Waiting for the blanket of grey to lift from over Prague


If you have been to Prague then you will be familiar with the magistrala, the motorway which cuts through the top of Wenceslas Square, just in front of the National Museum. I was shocked a couple of years ago to discover that the road - which carries heavy traffic right through the centre of the capital - had been built in the 1970s.

Only 30 years ago! While the Communists could be forgiven for not predicting their own demise, surely even they could have imagined a time when more people would have cars, when such heavy emissions-belching traffic in the middle of the city would clearly be a bad thing. To my mind, the location of the motorway is one more reason to curse the former regime.

Prague was obviously the kind of city which needed its environment - specifically its air quality - improved, not made worse through crass communist planning. Prague has the misfortune of lying in a saucer-shaped hollow, which leads to the phenomenon known as inversion. A temperature inversion occurs when cold air close to the ground is trapped by a layer of warmer air; as the inversion continues, the air gets stagnant and pollution is trapped close to the ground. Inversion may be interesting from the geographical point of view, but living in the city when it occurs is quite unpleasant indeed. Quite often in winter inversion warnings are issued, meaning children must stay indoors, as should people with respiratory problems.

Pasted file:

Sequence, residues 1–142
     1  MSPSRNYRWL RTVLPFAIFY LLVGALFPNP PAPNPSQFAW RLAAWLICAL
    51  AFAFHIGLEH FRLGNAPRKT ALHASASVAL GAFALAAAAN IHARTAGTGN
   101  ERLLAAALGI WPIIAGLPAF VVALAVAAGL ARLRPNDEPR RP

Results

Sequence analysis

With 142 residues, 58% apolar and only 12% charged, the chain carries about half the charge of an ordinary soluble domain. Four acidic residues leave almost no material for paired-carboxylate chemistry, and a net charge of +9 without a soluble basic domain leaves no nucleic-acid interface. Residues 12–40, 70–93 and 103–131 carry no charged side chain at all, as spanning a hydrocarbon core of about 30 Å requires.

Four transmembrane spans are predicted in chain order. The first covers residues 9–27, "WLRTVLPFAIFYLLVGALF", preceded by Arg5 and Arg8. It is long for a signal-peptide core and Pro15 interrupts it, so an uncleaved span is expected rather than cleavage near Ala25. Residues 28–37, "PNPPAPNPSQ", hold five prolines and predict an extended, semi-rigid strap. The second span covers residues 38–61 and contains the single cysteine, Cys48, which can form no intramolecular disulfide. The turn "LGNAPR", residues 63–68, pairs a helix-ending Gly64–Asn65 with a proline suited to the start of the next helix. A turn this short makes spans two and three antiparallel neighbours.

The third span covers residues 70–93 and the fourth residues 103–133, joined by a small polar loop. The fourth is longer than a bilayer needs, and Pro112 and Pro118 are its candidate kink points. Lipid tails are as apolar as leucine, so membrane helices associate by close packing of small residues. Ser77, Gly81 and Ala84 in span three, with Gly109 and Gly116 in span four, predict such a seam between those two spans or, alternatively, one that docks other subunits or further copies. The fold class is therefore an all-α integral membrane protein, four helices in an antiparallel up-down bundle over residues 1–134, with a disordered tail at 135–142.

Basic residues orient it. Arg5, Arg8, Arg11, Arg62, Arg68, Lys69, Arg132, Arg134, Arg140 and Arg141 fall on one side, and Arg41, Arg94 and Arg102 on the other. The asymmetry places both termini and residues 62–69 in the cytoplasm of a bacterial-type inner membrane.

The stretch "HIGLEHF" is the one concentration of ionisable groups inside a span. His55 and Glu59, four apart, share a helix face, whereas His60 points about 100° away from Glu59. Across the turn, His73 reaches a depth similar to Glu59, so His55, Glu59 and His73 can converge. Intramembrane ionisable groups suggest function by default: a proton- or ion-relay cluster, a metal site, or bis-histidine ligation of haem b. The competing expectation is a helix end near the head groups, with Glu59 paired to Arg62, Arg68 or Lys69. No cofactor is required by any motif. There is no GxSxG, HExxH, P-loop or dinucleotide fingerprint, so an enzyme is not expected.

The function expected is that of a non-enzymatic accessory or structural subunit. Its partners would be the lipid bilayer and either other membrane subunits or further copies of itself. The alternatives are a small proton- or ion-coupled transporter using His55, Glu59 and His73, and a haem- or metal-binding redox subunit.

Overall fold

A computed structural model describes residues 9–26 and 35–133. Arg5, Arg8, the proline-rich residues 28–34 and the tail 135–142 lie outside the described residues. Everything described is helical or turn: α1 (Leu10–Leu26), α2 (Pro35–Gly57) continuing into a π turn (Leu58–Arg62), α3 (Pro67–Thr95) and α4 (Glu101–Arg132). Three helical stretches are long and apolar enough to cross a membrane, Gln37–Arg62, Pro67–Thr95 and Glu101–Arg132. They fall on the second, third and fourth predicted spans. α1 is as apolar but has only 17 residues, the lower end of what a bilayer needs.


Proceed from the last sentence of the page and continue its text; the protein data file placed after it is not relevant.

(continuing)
I myself fall into the latter category, I am sorry to say, and sometimes wonder about the long-term health consequences of living in a city as polluted as Prague. Simply put, one of my lungs has been defective since my teens and has gotten worse this year. When I consulted a specialist a few months ago her advice to me was "live healthily", not a line you can argue with, but easier said than done in this town. I briefly considered leaving Prague and going to live by the sea somewhere, and a Maltese friend of mine, bless him, offered to set me up with a flat and a job in Malta. But giving up my work, my home and my friends just seemed too radical and too awful to contemplate.

I can't do anything about the fact that I work within earshot of the magistrala motorway, but now that the winter is here I can avoid smoky pubs (i.e. almost all pubs) and - like the parents of young children, like other people with breathing problems - I will have to start paying attention to inversion warnings. I can also look forward to when the blanket of grey lifts from over Prague, which should be sometime about next April...